Today in terrorism: 18 October 1977, Assassination of Hanns Martin Schleyer

On this day in 1977, German businessman Hanns Martin Schleyer was killed by the Rote Armee Fraktion (Red Army Faction).

On this day in 1977, German businessman Hanns Martin Schleyer was killed by the Rote Armee Fraktion (Red Army Faction). Do the sins of Mr. Schleyer somehow justify his death?

Do you believe in karma? Is there such a thing as a cosmic balance where good and evil eventually even out? Are we punished at some point for the bad things we do to others? Does the use of evil to remove evil make sense or is it acceptable?

On this day in 1977 a German businessman named Hanns Martin Schleyer was killed by the Rote Armee Fraktion (or Red Army Faction in English), a far-left terrorist group usually better known as the Baader-Meinhof Group after its two main members. That attack was part of what became known as the ‘German Autumn‘, a campaign of violence for the organisation which hung around until 1998. In all, the RAF killed 34 people over almost a quarter century.

Mr. Schleyer had been kidnapped by the group on September 5. The German government of Helmut Schmidt refused to entertain the RAF’s demands for Mr. Schleyer’s safety: the release of 11 of the group’s incarcerated members. The German capitalist was killed, execution-style.


For the RAF, Schleyer was the poster child of a despicable capitalist state. He served as president of major industrial associations, and in light of having been a member of the SS during the Second World War he was seen as a symbol of the continued presence of Nazis in the West German establishment.

While in college he was allegedly known for his highly antagonistic attitude towards any fellow student reluctant to discriminate against Jews and, when captured by Allied forces and imprisoned in 1945, he got off lightly by understating his role in the SS. The German government labelled him a ‘level three security threat’ in 1975, noting that ‘an assault cannot be excluded’. How accurate this was to be.


So do the sins of Mr. Schleyer somehow justify his death (his driver and three accompanying police officers were also killed when his car was ambushed – did they deserve to die?)? Do we want to go down that road? If so, who decides? Courts? The ‘court of the people’? Terrorist groups? Vigilantes?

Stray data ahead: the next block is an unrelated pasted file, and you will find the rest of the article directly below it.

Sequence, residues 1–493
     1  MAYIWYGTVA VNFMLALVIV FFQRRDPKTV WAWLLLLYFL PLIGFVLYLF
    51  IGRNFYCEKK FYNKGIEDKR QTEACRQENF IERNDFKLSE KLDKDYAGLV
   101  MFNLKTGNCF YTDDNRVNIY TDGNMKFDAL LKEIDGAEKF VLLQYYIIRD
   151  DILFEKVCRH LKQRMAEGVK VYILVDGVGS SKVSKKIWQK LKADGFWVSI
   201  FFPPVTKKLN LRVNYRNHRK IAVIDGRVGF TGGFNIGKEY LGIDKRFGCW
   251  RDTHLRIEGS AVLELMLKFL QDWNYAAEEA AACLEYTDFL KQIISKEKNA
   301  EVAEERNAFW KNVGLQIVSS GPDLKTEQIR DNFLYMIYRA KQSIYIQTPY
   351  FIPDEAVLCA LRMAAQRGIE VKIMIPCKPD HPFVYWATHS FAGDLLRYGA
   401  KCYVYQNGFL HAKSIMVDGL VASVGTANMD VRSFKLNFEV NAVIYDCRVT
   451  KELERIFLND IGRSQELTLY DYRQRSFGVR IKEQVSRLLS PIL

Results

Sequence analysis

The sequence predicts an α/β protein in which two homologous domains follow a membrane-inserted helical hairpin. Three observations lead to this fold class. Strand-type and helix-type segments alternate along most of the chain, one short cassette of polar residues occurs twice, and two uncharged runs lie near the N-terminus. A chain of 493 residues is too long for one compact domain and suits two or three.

We all want to see good triumph over evil but there has to be a systematic way to determine who is indeed responsible for evil acts and a way to punish them, up to the imposition of death sentences. While I am not personally in favour of the death penalty I also do not pretend to be in a position to tell others, or other states, what to think in this regard. Hence my views on so-called ‘foreign fighters’ in Iraq and Syria who joined Islamic State. Those still alive must be brought to justice and the best place for that is where their crimes against humanity were committed and where the evidence lies (i.e. not by repatriating them to their home countries). If the local courts implement capital punishment that is their prerogative.

Looking back, the RAF was a terrorist organisation of the left, a group that lashed out at capitalism. In this era of widening economic disparity and perceived capitalist hegemony is it not possible that similar gangs will arise and see violence as a necessary evil?

You bet your life it is.

By Phil Gurski

Phil Gurski is the President and CEO of Borealis Threat and Risk Consulting Ltd. Phil is a 32-year veteran of CSE and CSIS and the author of six books on terrorism.

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